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List takes Thomas to 18 putting with a wedge

By Rex HoggardMarch 21, 2018, 7:57 pm

AUSTIN, Texas – As he walked off the sixth tee on Wednesday at the WGC-Dell Technologies Match Play, Luke List “swiped” his putter into what he thought was a bush. It was a wall.

List’s putter bent slightly, which meant he wasn’t allowed to employ it the rest of the round. Using a wedge to putt, he lost his opening-day match to Justin Thomas, 2 down.

“Stupid on my part,” List said. “I'll get the club fixed and go on to my next two matches.”

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Despite his putting disadvantage, List pushed Thomas to the 18th hole thanks to birdies at Nos. 13, 15 and 16, which included a chip-in from 18 feet at 15. Thomas was 3 up with four holes to play and managed to birdie the last, but it was far from stress-free.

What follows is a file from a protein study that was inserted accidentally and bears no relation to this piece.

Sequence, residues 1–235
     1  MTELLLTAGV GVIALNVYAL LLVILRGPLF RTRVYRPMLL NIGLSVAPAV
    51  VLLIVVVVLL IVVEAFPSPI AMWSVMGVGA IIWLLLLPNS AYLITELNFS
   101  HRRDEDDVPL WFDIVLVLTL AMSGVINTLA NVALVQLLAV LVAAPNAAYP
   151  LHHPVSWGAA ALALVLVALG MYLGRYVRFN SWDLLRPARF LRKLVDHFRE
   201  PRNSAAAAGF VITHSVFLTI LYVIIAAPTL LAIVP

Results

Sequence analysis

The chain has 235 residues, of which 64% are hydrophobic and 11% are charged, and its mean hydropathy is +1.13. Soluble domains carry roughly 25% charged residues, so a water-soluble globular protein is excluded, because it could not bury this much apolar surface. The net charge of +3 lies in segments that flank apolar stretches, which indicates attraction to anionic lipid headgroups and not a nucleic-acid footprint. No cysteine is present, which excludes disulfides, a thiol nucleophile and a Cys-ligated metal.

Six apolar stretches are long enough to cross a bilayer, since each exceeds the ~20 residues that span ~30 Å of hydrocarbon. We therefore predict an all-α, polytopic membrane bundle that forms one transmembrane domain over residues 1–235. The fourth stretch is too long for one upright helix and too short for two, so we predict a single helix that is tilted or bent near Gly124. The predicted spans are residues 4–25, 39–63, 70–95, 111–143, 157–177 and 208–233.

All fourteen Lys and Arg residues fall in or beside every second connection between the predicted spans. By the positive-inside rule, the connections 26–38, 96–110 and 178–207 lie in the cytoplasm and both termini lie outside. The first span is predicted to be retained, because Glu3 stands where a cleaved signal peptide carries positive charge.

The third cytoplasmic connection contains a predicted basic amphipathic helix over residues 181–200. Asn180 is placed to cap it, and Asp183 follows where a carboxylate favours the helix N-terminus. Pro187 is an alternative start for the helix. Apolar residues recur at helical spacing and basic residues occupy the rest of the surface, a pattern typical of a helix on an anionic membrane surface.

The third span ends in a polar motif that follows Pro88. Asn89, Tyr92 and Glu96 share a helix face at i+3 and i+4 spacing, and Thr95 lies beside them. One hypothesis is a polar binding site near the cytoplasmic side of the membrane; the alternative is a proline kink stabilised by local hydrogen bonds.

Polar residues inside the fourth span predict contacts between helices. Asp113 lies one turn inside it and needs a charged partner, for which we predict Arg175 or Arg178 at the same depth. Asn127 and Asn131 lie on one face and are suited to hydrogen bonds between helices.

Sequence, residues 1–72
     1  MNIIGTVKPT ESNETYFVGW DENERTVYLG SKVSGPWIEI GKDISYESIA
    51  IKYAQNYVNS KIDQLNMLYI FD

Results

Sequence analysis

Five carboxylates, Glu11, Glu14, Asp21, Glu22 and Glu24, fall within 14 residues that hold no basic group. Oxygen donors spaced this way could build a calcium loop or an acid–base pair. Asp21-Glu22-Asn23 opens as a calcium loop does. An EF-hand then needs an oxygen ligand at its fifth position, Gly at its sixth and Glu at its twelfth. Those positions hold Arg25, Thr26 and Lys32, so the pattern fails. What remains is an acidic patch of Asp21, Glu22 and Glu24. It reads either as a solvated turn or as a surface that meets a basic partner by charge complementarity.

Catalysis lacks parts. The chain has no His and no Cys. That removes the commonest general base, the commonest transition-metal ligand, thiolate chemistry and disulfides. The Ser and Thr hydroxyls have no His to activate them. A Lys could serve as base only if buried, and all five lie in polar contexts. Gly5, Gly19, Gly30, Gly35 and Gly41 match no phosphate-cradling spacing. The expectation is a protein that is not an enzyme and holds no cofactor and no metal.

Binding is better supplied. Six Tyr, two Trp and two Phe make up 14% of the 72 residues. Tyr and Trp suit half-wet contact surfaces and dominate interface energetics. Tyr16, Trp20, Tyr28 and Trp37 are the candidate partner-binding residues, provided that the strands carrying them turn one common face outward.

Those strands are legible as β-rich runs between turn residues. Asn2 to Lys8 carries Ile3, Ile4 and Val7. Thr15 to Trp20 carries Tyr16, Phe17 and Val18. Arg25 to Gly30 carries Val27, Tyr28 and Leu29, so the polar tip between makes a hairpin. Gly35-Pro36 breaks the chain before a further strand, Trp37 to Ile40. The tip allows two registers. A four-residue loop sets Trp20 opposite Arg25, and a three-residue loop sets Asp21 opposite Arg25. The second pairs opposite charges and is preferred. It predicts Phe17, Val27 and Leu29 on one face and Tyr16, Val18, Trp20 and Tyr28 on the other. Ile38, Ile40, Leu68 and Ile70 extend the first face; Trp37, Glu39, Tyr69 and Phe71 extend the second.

“I was thinking about it, how bad that would hurt if I couldn't get it done,” Thomas said. “He hit some great putts and he made some good ones when he needed to.”

The situation also prompted Thomas to change his strategy on the greens, with not nearly as many conceded putts as normal.

“He putted probably two or three putts I wouldn't have made him putt with a putter,” Thomas said. “[No. 13] was a short putt he's probably going to make. It had a lot of break. But 12, that putt was 2 feet straight uphill. But I was like he's got a wedge, so I'm going to make him putt it.”

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Group standings at WGC-Dell Technologies Match Play

By Golf Channel DigitalMarch 21, 2018, 7:45 pm